From the category archives:

linguistics and lexicography

  • Can you twig it?

    Posted by on September 15, 2014

    Given how close Ireland and Britain are geographically, standard English has surprisingly few words that originated in Irish (less surprising when politics and social history are taken into account). Examples include banshee, galore, shamrock, and perhaps smithereens. Informal English has a few more, one of which may be twig, meaning ‘realise’ or ‘understand’. But its […]

    Read the full article
  • “Real Grammar” – accept no substitutes!

    Posted by on September 02, 2014

    Welcome to our new series on “Real Grammar”, which kicks off with a quiz. But this is a grammar quiz with a difference. As regular readers will know, all of us who write for the Macmillan Dictionary Blog have consistently argued that most grammar quizzes (and for that matter, most websites dispensing advice on “correct […]

    Read the full article
  • A critique of ‘criticism’

    Posted by on September 01, 2014

    If I told you a mutual acquaintance of ours had criticised your new hairdo, you might well take offence. But if I said I’d be happy to criticise something you’d written, you might infer a different meaning of the word. The related noun criticism  shows a similar dichotomy. The two senses of these words – […]

    Read the full article
  • Broadcast(ed) and forecast(ed)

    Posted by on August 18, 2014

    Children learning language for the first time tend to regularise irregular verbs, saying things like ‘I goed’ instead of ‘I went’ and ‘we runned’ instead of ‘we ran’. If English inflection were more consistent, these utterances would be normal practice, not errors – though it’s worth noting that children may be more aware of words’ […]

    Read the full article
  • Hail-phrase-well-met

    Posted by on August 04, 2014

    I was ploughing through a legal thriller recently (Limitations by Scott Turow) when I came across a line that brought me up short: ‘“Nathan!” George cries, hail fellow well met, as he strides out.’ Hail fellow well met. I’ve been encountering this expression on and off over the years, but never properly examined it. What […]

    Read the full article
  • Get your gas mask on – toot sweet! World War I, and its impact on English

    Posted by on July 28, 2014

    There’s a popular song from World War I about a soldier going off to the front. It starts with the lines: Brother Bertie went away To do his bit the other day (You can hear an original recording here.) “Doing your bit” – taking your fair share of a job that has to be done […]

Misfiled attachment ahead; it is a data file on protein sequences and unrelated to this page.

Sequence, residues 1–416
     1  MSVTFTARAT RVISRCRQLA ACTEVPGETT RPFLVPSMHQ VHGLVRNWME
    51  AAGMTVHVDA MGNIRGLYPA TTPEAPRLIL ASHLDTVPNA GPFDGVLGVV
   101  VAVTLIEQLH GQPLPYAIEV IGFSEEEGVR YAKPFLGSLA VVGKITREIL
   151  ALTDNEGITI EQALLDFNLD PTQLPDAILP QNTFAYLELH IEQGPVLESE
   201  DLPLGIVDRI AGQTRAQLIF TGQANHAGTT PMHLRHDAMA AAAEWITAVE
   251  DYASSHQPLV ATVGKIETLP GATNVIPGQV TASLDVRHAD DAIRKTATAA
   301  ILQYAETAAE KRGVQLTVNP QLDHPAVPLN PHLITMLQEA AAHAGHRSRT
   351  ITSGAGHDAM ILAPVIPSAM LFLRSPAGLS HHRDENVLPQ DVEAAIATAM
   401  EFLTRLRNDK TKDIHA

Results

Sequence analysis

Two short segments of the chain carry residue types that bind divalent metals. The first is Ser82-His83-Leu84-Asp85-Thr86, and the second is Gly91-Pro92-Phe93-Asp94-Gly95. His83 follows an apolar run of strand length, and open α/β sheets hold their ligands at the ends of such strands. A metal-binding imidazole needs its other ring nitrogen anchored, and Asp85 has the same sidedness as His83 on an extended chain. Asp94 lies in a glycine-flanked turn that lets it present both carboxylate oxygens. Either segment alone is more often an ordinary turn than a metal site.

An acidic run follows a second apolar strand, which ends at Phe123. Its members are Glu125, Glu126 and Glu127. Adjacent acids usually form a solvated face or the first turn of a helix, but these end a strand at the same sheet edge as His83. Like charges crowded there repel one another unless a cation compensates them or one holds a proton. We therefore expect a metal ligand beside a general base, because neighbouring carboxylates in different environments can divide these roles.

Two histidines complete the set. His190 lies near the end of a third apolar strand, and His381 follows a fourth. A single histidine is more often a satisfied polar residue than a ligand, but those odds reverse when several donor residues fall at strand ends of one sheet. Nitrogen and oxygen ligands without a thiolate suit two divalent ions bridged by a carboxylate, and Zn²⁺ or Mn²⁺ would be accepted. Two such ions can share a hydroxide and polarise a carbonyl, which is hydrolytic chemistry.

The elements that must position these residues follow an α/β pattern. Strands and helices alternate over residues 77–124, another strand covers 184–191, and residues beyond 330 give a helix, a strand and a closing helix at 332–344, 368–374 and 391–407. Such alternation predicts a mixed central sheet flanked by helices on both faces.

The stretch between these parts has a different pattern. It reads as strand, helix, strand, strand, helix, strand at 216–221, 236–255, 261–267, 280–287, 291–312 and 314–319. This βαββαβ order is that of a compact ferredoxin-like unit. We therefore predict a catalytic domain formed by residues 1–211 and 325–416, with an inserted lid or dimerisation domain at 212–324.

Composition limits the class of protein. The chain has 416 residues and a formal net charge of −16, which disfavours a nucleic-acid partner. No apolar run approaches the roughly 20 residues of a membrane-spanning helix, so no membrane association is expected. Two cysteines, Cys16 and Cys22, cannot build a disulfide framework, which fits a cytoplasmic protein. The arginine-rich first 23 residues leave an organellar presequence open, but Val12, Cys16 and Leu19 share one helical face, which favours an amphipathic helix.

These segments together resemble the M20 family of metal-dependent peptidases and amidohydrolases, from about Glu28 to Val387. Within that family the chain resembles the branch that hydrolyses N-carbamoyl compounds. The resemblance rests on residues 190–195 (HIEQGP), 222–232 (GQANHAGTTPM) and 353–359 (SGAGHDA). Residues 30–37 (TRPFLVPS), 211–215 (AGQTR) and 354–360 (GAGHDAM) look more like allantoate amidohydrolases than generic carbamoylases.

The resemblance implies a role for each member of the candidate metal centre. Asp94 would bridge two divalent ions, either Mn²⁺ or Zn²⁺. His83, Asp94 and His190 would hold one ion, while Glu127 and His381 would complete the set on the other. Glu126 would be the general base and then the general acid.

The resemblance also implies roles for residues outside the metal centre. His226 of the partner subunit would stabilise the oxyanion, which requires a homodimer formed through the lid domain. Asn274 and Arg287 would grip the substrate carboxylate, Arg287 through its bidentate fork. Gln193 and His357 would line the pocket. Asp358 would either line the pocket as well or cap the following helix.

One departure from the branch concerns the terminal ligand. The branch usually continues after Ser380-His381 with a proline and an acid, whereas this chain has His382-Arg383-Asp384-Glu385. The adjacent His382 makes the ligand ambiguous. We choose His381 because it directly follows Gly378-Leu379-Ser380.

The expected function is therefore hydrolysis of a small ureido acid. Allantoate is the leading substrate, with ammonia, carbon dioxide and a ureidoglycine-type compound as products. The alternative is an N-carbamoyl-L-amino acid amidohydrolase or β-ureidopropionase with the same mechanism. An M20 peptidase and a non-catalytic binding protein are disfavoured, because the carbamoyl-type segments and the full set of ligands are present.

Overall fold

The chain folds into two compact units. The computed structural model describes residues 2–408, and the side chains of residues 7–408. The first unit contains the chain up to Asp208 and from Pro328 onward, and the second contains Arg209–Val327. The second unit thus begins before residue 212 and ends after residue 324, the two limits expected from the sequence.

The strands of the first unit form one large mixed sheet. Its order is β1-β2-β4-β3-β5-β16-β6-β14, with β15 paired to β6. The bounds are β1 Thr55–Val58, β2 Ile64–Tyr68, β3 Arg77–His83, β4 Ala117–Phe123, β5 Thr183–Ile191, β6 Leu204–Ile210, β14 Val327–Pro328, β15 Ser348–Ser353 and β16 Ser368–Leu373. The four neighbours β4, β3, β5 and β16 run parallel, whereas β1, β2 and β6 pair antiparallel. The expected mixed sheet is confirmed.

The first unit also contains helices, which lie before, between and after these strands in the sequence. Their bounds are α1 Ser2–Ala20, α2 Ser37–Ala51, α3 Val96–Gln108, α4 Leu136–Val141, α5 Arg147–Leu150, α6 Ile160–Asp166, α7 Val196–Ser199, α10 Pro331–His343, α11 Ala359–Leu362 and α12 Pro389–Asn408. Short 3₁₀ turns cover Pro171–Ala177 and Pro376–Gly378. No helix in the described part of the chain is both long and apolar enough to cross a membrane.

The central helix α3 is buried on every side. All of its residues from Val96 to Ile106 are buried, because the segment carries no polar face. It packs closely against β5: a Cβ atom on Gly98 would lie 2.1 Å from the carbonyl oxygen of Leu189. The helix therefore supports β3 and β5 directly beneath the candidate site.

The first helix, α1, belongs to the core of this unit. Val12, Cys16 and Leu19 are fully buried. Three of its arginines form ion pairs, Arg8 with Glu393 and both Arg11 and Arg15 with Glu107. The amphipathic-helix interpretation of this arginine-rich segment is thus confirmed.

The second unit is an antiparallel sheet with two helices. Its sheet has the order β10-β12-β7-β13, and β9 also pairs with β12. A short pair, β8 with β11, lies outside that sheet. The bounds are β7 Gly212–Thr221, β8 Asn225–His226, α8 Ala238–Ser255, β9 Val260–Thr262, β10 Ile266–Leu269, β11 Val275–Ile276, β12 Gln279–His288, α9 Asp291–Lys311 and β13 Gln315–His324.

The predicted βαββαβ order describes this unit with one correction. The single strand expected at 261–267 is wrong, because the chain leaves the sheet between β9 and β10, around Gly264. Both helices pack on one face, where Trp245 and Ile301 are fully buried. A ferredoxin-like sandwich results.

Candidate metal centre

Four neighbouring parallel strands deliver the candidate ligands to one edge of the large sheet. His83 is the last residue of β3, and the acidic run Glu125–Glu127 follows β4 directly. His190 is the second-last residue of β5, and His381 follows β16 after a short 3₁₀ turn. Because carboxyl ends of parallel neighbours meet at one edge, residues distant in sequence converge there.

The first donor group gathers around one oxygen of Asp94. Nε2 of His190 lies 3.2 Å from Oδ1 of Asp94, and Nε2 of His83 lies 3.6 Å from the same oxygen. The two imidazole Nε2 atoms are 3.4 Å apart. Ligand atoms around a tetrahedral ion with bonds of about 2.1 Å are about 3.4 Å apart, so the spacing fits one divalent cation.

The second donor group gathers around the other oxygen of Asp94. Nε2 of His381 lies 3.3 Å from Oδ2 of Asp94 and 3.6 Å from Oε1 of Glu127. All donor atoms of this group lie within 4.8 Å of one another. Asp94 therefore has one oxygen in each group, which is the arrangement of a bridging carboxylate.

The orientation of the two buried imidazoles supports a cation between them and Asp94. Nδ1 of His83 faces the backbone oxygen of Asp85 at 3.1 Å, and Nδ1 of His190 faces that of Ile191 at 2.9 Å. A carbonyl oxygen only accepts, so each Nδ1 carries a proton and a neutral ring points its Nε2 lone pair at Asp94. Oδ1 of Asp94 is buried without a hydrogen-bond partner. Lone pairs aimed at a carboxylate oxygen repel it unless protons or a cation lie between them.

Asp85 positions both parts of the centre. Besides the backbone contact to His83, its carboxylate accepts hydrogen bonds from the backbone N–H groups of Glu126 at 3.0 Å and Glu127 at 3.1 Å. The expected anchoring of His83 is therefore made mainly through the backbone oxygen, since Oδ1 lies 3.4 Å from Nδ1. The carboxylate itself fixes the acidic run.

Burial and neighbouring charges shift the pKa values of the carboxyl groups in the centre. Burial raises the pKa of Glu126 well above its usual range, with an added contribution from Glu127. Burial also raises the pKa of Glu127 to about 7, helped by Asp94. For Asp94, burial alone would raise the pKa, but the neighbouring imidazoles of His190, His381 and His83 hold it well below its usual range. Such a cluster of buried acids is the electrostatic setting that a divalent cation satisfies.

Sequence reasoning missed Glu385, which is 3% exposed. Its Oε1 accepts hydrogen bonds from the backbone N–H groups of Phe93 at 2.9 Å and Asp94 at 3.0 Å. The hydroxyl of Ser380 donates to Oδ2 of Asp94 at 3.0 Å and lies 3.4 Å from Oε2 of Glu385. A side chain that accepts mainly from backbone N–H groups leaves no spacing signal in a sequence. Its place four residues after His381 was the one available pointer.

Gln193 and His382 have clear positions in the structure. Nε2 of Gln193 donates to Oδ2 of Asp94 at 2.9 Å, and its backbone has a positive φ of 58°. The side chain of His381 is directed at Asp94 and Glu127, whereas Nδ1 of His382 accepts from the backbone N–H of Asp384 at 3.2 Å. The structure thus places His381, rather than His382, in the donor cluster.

Read the full article
  • Why heed the language cranks?

    Posted by on July 21, 2014

    Disputes over English usage are full of familiar items. Split infinitives, sentence-final prepositions, words like [you might prefer such as] hopefully and decimate – the same issues keep showing up, despite convincing arguments that there’s seldom a problem with any of them, leaving aside the question of register. It feels as though these are battles […]

    Read the full article
  • What goes in the dictionary when the dictionary is online?

    Posted by on July 15, 2014

    The familiar question of “how words get into the dictionary” is harder to answer when the dictionary is online. Printed dictionaries have limited space, so we have to be selective. This contributes to the popular view of lexicographers as “gatekeepers” – the people who decide, on behalf of the rest of the population, which words are […]

    Read the full article
  • Tour de Yorks

    Posted by on July 09, 2014

    A couple of weeks ago I finally fulfilled a longstanding wish to visit Haworth parsonage, family home of the Bronte sisters. There is a striking, even surreal contrast between the plain, dark house by the churchyard where those brilliantly gifted women spent much of their short lives and the chocolate-box prettiness of the steep main […]

    Read the full article
  • Laying down the lie of the land

    Posted by on July 07, 2014

    A recent comment by Isobel on my post ‘Who’s the boss of English?’ raised the vexed question of lay vs. lie. I felt this would be worth a post in its own right – not so much to lay down the law as to give the lie to the idea that it’s a simple matter […]

    Read the full article